- How great is it to see Claudio Marchisio log pretty big minutes in back-to-back games? Having Marchisio or Sami Khedira on the bench in Cardiff will be helpful, assuming the German is back to full health. Having a first-team midfielders and either Cuadrado or Andrea Barzagli off the bench gives Juventus some depth that has occasionally been lacking. Were it not for Marko Pjaca’s injury, they’d have a quality attacker in the reserves as well.
Onto the awards:
Sidewalk of Turin Award
For a weak(ish) performance masked by other factors.
Not today, my friends.
Piazza San Carlo Award
For a potentially overlooked yet stellar showing.
Our prize center back Leonardo Bonucci didn’t score, didn’t assist, and didn’t do too much too flashy — besides that one near-assist to Dybala, who was a foot offsides — but he was an absolute rock at the back. What’s more, this was the far-and-away the best Bonucci-Medhi Benatia pairing that I’ve seen. And while you’ve got to acknowledge the competition was Crotone, they’ve been on a tear lately, and the pressure was. So props to Benatia for playing pretty well and, somehow, as Chuks pointed out, not getting carded.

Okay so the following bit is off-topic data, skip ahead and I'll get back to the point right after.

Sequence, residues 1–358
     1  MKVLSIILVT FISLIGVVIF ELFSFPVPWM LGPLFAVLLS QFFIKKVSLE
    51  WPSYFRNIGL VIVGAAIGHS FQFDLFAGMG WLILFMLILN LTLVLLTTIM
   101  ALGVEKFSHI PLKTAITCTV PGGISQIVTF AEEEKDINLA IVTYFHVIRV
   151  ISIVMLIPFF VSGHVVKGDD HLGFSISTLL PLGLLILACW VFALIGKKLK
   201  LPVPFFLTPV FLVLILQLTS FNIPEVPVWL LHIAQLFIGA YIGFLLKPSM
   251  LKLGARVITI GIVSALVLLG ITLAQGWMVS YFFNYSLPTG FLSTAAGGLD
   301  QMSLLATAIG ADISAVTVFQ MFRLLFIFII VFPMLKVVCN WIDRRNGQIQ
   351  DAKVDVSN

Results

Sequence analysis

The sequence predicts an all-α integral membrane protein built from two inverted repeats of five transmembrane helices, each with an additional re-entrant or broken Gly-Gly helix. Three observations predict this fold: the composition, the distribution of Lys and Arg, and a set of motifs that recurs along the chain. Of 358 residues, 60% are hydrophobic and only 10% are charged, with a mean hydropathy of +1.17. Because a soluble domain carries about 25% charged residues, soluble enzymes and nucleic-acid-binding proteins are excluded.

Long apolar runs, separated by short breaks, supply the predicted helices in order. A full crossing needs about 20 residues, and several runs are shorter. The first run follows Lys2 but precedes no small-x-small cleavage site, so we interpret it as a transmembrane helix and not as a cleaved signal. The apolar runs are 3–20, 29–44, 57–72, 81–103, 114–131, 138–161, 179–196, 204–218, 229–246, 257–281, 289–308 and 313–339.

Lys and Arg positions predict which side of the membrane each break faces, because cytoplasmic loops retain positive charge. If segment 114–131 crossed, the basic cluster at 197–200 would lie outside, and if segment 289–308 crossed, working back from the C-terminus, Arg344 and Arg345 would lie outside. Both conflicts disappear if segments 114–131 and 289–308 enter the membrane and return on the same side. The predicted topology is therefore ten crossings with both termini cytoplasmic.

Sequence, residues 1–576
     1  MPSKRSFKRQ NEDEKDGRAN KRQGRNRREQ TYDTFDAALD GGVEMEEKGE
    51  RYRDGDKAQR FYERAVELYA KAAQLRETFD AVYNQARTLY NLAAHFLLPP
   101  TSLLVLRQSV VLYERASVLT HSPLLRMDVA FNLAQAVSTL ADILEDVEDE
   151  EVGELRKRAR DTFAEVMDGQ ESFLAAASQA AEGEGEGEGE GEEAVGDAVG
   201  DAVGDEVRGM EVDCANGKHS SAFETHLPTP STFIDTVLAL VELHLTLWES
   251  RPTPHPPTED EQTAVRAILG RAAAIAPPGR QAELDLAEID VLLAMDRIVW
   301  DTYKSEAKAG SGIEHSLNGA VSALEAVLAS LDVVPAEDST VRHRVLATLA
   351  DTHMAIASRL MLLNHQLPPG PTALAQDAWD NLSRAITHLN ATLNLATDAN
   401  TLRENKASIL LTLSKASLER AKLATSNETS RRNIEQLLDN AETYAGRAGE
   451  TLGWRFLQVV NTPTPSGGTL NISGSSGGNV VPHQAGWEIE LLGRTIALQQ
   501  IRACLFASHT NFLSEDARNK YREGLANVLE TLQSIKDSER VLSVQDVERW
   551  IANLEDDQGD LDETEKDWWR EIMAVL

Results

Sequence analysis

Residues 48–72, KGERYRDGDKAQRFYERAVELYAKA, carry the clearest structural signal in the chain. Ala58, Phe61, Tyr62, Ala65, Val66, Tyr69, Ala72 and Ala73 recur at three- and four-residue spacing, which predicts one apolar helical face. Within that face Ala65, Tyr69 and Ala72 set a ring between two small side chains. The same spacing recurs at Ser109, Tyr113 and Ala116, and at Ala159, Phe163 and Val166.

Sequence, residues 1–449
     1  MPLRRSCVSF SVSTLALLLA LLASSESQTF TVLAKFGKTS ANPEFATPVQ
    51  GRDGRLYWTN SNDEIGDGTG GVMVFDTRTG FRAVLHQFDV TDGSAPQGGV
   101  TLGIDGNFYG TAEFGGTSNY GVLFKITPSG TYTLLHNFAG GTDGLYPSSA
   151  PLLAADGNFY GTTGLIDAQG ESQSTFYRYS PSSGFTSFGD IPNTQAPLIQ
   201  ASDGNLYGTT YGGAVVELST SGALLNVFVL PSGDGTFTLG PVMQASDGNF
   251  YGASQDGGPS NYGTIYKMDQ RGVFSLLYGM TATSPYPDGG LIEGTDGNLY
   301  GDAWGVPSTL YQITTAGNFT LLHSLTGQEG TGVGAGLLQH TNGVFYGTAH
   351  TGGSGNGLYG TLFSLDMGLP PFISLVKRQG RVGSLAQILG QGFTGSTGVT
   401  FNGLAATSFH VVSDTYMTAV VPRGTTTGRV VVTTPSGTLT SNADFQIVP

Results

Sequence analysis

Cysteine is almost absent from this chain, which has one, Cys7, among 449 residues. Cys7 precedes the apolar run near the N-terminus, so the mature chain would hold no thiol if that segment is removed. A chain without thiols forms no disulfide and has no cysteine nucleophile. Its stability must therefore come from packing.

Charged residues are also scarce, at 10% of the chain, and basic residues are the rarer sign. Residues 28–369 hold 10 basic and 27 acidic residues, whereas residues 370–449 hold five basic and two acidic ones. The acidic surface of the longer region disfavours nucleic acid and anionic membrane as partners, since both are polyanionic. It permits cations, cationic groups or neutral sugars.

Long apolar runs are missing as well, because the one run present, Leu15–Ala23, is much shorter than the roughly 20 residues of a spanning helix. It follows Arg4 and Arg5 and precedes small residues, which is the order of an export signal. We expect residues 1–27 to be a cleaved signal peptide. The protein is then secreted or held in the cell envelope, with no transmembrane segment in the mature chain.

But Bonucci was, per usual, the epicenter of the defense, and of sparking movement forward. His distribution skills show up so often it’s a shame not to point them out every time. He was a hawk in the air, a tank on the ground, and a surgeon in the passing game.
For a notable demonstration in both grit and flair.
Alex Sandro seemed, to be honest, a little out-of-whack with his touch, but he was stellar defensively and scored the third goal of the game, the “if literally everything goes wrong for the last ten minutes we still won’t lose” goal. Juventus favor the right side moving forward, but the Sandro and Mandžukić overlap holds enough of a threat to balance the field of play.
The header on the corner was thunderous rocketry, a fitting cap to his breakout season. There are people already willing to sell him, which makes no sense to me.
It’s official: I’m on Team Keep Alex Sandro.
Parco Valentino Award
For an urbane demeanor distributed amongst the squad.